Guarding And Protecting Access To Health Care

12/09/2016 11:29 am ET Updated Dec 06, 2017

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Guarding and Protecting Access to Health Care

We woke up to a different America after this month's presidential election. A nation divided became a nation at each other's throats. There have been protests from one coast to another with thousands of people sharing their grief and fear. Just as vehement, those whose candidate was successful have been calling the protesters crybabies and telling them they should shut up and get over their loss. Though Clinton was gracious in her defeat and Trump has quieted his rhetoric, the nation has yet to take notice.

In these troubled times, we still have the business of running the country to attend to.

One of the changes Donald Trump called for in his campaign was for the immediate repeal of the Affordable Care Act (ACA), often called "Obamacare." Earlier this month, just days before the election, Trump even asked Congress to convene a special session to repeal the ACA. Without a plan to replace the ACA, this could have potentially left millions of people without medical insurance.

The good news, if you can call it that, is that Trump, like most politicians, overstates his ideals and makes promises he never intended to keep. Since becoming president-elect last Wednesday, Trump has pulled away from his call to immediately repeal the ACA.

This softening regarding healthcare gives room to hope that a Trump presidency will not begin a complete rollback of access to medical services. There is no doubt that the ACA has some tremendous flaws, most notable of which are the high premiums many pay for their policies. There is no question that we need healthcare reform. Trump has now indicated, however, not only will the act not be completely repealed, but that changes will not come until a replacement policy or program is ready. He hopes for a seamless transition between practices.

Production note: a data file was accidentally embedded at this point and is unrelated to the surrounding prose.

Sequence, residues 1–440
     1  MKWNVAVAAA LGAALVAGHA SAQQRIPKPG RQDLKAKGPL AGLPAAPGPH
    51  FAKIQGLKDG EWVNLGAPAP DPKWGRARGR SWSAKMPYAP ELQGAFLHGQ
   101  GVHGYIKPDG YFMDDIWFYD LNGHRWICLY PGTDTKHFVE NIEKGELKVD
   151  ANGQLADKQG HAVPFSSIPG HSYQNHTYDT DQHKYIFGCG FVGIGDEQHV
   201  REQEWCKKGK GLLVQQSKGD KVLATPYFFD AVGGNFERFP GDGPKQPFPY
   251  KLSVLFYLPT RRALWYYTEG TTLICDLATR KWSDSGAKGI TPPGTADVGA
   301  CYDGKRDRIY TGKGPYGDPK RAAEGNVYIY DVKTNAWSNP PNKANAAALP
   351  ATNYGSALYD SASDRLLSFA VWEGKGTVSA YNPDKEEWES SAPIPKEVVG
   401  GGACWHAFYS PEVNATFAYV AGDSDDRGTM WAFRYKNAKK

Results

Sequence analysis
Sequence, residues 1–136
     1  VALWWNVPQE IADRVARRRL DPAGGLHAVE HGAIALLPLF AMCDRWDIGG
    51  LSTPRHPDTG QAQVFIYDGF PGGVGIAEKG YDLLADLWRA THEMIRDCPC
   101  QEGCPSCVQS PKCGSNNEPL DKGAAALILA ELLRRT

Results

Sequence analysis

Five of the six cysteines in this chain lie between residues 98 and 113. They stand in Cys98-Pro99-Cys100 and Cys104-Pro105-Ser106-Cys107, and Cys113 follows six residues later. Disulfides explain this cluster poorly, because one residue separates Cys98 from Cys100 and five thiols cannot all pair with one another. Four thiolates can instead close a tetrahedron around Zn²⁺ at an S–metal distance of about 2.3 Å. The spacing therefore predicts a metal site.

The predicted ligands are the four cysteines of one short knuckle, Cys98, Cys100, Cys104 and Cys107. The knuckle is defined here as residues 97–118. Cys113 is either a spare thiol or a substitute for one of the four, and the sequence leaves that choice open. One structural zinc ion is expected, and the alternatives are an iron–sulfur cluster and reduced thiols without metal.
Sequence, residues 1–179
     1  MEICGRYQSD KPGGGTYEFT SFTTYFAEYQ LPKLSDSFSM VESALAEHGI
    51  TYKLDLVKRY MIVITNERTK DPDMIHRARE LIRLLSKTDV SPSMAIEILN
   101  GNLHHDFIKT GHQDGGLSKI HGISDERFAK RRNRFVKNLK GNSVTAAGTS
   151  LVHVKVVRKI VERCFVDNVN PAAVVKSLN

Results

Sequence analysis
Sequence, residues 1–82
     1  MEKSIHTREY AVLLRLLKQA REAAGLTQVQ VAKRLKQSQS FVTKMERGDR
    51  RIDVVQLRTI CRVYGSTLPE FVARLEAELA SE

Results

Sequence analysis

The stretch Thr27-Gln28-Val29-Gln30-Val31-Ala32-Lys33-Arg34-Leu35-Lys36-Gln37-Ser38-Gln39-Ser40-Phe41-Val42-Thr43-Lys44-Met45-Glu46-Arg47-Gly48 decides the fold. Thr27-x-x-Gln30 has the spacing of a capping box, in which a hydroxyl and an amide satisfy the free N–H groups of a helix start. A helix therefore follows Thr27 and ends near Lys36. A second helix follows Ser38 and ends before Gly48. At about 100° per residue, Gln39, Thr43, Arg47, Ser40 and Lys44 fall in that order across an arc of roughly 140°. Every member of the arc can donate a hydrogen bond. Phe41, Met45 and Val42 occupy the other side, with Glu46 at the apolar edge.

There are some aspects of the ACA that should be retained. Trump has indicated that he is likely to keep at least some of them.

1. No return to pre-existing condition limitations.
2. Allow young people up to the age of 26 to stay on their parents' insurance policy.
3. No return to lifetime limits on coverage.
4. No return to different pricing for men and women.

We also need to address the ways in which the Mental Health Parity and Addiction Equity Act will be integrated into any new legislation. According to the Centers for Medicare and Medicaid Services, "The Paul Wellstone and Pete Domenici Mental Health Parity and Addiction Equity Act of 2008 (MHPAEA) is a federal law that generally prevents group health plans and health insurance issuers that provide mental health or substance use disorder (MH/SUD) benefits from imposing less favorable benefit limitations on those benefits than on medical/surgical benefits." Retaining the MHPAEA will ensure that those in need of mental health services and addiction treatment will have access to care.

It is possible that Trump may include the MHPAEA in his revision of the ACA. Trump has spoken positively of the Comprehensive Addiction and Recovery Act that was passed, but not fully funded, earlier this year. He seems to recognize the need for quality mental health care and addiction services to be offered to keep Americans healthy and to stem the tide of accidental opioid overdose deaths that have claimed tens of thousands of American lives.

While it is understandable that Trump may not want to share his views on how to deal with ISIS publicly, he claims that doing so alerts our enemies to our plans, domestic healthcare policy is a different scenario. Those of us involved in healthcare need to know as quickly as possible what the changes will be to the system, so that we can get thousands of institutions in order and ready for the changes, so that millions of patients will continue to receive the care they need.